Health & Education
'It's Your Game' encourages sexual responsibility
During fall and spring semesters last school year, Grand Ronde and Willamina Middle School seventh- and eighth-graders went through an evidence-based curriculum that emphasizes abstinence, but also teaches students how to protect themselves from pregnancy, sexually transmitted diseases and HIV using medically accurate information.
The curriculum also taught how to develop healthy relationships and set personal limits.
The program, "It's Your Game," was developed by the University of Texas Prevention Research Center. It uses lectures and online tools to teach the subject, and conducts surveys before and after the program to evaluate results.
"The focus of the IYG program is to teach youth what healthy relationships look like, equip them with refusal skills, and provide them with information about sexually transmitted infections so they can make informed decisions," said a Tribal Youth Prevention evaluation summary of the program.
In summary, surveys found that after the program students were:
- Talking more with their parents about sexual health;
- Resisting peer pressure regarding sexual activities in greater numbers;
- Abstaining in slightly greater numbers from having sex or the intent to engage in sex;
- More resilient about making and keeping new plans;
- And more knowledgeable about sexually transmitted diseases.
Parent participation was "minimal," the summary said, with about a third of parents responding to a survey at the end of the course.
Of those parents responding, 65 percent said that the "It's Your Game" curriculum helped facilitate conversations about sexual health with their children. Sixty-one percent believed the schools were doing a good job educating students on sexual health and prevention.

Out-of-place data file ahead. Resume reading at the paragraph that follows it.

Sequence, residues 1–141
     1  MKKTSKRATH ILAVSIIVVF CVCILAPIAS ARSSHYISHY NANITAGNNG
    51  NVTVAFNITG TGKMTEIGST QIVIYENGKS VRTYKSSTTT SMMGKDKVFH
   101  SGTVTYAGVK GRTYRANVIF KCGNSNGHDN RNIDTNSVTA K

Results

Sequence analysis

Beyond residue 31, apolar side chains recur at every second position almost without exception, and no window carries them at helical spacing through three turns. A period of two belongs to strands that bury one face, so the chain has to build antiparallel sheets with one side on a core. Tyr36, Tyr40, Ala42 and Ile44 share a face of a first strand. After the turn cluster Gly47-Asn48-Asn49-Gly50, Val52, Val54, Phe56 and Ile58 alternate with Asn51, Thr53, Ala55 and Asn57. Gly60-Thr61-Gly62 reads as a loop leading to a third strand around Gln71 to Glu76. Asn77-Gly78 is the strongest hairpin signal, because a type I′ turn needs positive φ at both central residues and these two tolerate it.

Native American students, 36 percent of the total number of students participating, generally responded more responsibly after the course.
- 57 percent of American Indian/Alaska Native students reported being more likely to abstain from sex in the next six months while 37 percent of others indicated they intended to abstain;
- 39 percent of AI/AN students reported their intent to use birth control, while 24 percent of others intended to;
- 71 percent of AI/AN youth reported handling stress well, compared with 44 percent of others;
- And 79 percent of AI/AN students reported being likely to get more education after high school while 64 percent of their non-Native peers indicated they were likely to.
Exit questions showed an increased willingness to resist peer pressure, to share ideas that "really matter" with parents or guardians, and to discuss sexual health questions with their parents or guardians.
All female students and 75 percent of male students were confident that they could resist pressure to have sex at the end of the program.
Thirty-six percent of participating students and 61 percent of females intended to use birth control.
In other findings, 29 percent of eighth-graders said that they had already experienced sexual intercourse, including 36 percent of male students and 21 percent of females.
Fifty-five seventh-graders and 55 eighth-graders took the survey at the beginning of the project and 67 students, all eighth-graders at that point, took the survey at the end of the project. Just less than half of the students taking the course were female.
"We love the IYG program!" said Program Lead Amber Mercier. "During the 2013-14 school year, we served 138 youth and saw great improvements when the entry and exit surveys were compared. Youth enjoyed the computer lessons and the role plays they were able to participate in. This program makes an uncomfortable topic a little easier to talk about."
Funds for the project were awarded to the Grand Ronde Tribe by the Administration of Children and Families to prevent teen pregnancy. The Tribal Personal Responsibility Education Program administered the grant.